If you aren't covering a fund, does that mean you don't like it?
No. We would like to cover every CEF in existence; however, that's not reasonable given our three-person team in the U.S. Instead, we focus our coverage on the largest CEFs. To round out our views on CEFs, we focus our Tuesday CEF Specialist articles on CEFs that we do not plan to fully cover via an analyst report.
There are several funds that we don't plan to cover that are very good funds. The absence of an analyst rating does not imply that we like or dislike a fund. We attempt to convey our views on individual funds when we write them up in the Tuesday articles.
How can you recommend a fund that has returned capital to investors?
As long-term readers know, we have done much to bring the issue of return of capital to light. Ongoing, consistent, heavy use of destructive return of capital is a huge red flag to us. We deplore the practice. However, there are two things to bear in mind. First, the return of capital must be destructive to be considered a red flag: That is, it must be from investors' own capital and it must eat away at a fund's net asset value and future earnings power. Constructive and pass-through return of capital is, in our minds, suitable in some cases, though we would prefer funds not use any return of capital. Second, even when a fund has used destructive return of capital, we look to see how much and how often. If a fund distributed this in one calendar year as a small portion of the overall distribution, we are likely to look the other way. It's better to not change the distribution amount and avoid the subsequent sell-off in the share price, in our opinion. We also want to see if, after returning destructive capital, the fund reduced its distribution. For ongoing destructive returns of capital, we can be quite brutal in our assessments of the fund and its executive's implied views of shareholders.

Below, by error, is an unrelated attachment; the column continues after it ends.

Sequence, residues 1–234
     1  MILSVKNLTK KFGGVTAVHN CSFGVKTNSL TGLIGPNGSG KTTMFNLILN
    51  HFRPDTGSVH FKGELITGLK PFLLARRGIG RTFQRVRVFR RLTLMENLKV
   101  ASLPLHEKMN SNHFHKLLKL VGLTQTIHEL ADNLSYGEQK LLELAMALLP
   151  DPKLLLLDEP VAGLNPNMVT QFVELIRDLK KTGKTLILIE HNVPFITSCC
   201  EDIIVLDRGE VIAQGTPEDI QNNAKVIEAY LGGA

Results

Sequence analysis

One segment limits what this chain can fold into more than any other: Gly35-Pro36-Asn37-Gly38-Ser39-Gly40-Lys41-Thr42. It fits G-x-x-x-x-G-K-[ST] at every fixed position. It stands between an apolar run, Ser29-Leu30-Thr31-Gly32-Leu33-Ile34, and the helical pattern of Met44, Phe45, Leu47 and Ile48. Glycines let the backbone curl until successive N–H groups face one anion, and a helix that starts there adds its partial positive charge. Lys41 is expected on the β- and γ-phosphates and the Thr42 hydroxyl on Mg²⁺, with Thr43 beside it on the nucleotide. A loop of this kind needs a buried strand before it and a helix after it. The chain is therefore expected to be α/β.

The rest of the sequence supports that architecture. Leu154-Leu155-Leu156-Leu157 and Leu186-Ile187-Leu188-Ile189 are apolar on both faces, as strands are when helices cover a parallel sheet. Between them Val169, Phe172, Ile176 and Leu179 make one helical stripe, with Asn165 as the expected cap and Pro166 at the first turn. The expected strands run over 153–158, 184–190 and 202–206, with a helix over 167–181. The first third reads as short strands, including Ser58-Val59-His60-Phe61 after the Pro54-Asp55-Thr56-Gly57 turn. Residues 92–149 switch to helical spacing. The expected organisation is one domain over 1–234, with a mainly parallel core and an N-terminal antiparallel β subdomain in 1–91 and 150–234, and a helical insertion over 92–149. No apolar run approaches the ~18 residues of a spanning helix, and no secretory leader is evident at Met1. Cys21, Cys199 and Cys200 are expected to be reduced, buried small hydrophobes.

How, exactly, does a fund return capital to investors? What are the mechanics? And, are the data points at Morningstar reflecting return of capital distributions?
When you get down to brass tacks, trying to figure out how a fund can actually send investors money ascribed, for tax purposes, as return of capital is quite intriguing. If a fund receives dividends or realizes capital gains, it's easy enough to envision how it simply passes those along to its investors. But how does a fund pass along unrealized capital gains (constructive return of capital) or investors' own money (destructive return of capital)? It's important to bear two things in mind. First, the designation of "return of capital" is largely a tax issue. Money is money. Second, funds always have money either sitting in cash or easily available through a security sale, to meet distribution obligations. Portfolios are managed with an eye toward paying the distribution. So, even if a fund distributes constructive return of capital, which can be ascribed to unrealized portfolio gains, the cash is coming from somewhere else. It's easy to confuse tax accounting with real-world dynamics of managing a portfolio, when we're looking in from the outside.
All of the data points we use at Morningstar take into consideration the sources of a fund's distribution, return of capital included.